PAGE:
The study is appearing at a time when the Labor Department is mulling an expansion of the so-called fiduciary rule to require all financial advisors to act in the best interest of investors. The proposed rule is not specifically focused on 401(k) plans and their administrators, but it does suggest that the Labor Department has concerns about the quality of investment advice that retirement savers may receive.
David Certner, legislative policy director for government affairs at AARP, which favors the proposed rules, said 401(k) plan sponsors and administrators fall under plenty of regulations, like those within the Employee Retirement Income Security Act (ERISA), that require them to act in plan participants' best interests. However, he said, if the new study raises questions about what goes on within the 401(k) plans, "you can imagine how it is outside the realm" of those rules.
In fact, a study by the White House Council of Economic Advisors that focused on IRAs found that retirement savers who receive conflicted advice generally earn annual returns that are a full percentage point lower than those who don't.
However, securities industry groups like the Investment Company Institute and the Securities Industry and Financial Markets Association (SIFMA) are strongly opposed to the proposed expansion of the fiduciary rule, arguing among other things that it would add an unnecessary layer of regulation.
"The clear consequence of the Department's heavy hand is the explicit and implicit limitation on the types of investments individuals may choose to utilize with their retirement funds, as well as how they choose to pay for the services they seek," SIFMA CEO Kenneth E. Bentsen Jr. said in written testimony. "We question whether it is appropriate for the government to effectively substitute its judgment for that of every IRA owner, every plan fiduciary and every plan participant, and whether that is what Congress intended when it enacted ERISA."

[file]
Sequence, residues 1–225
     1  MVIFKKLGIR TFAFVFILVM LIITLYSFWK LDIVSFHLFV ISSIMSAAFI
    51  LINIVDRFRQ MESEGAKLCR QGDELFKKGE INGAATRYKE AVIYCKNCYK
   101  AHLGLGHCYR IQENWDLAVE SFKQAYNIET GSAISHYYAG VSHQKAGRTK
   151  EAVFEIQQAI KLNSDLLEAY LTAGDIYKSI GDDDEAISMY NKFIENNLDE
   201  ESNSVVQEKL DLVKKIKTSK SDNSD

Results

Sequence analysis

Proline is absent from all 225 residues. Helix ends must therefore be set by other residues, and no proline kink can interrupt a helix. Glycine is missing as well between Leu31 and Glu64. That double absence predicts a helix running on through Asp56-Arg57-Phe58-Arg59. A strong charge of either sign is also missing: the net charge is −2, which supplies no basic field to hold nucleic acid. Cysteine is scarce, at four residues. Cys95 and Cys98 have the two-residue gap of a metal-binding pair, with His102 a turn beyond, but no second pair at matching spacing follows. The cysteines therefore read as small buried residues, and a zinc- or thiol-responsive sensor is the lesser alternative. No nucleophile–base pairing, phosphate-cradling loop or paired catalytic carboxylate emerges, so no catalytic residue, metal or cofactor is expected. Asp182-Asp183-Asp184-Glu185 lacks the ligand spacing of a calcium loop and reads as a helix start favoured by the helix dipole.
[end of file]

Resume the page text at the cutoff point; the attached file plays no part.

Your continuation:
As for the new research, Matthew Beck, a spokesman for the Investment Company Institute, said plan sponsors, not administrators, have ultimate responsibility for the offerings in a 401(k). (The sponsor is typically the employer that sets up the retirement plan, while the administrator manages it.)
"The plan's fiduciary, usually the sponsor, selects the plan's menu of investments. The fiduciary makes those choices based on numerous factors, including each fund's investment objectives, risks, performance and fees," he said. "The fiduciary has a duty to weigh these factors to ensure that the menu meets, in its judgment, the best interests of that plan's participants."
Sialm agreed that the ultimate responsibility for which funds to include in a 401(k) falls to the plan's sponsor, though the sponsor may have an incentive to emphasize the administrator's funds. "The plan sponsor might allow favoritism toward affiliated options because this might reduce the fees they have to pay to the various service providers," he said.
Still, he said, "we document that affiliated funds in 401(k) plans are treated very differently than unaffiliated funds. Affiliated funds are significantly less likely to be deleted and they are significantly more likely to be added. In addition, the prior performance levels play a smaller role for affiliated funds than for unaffiliated funds."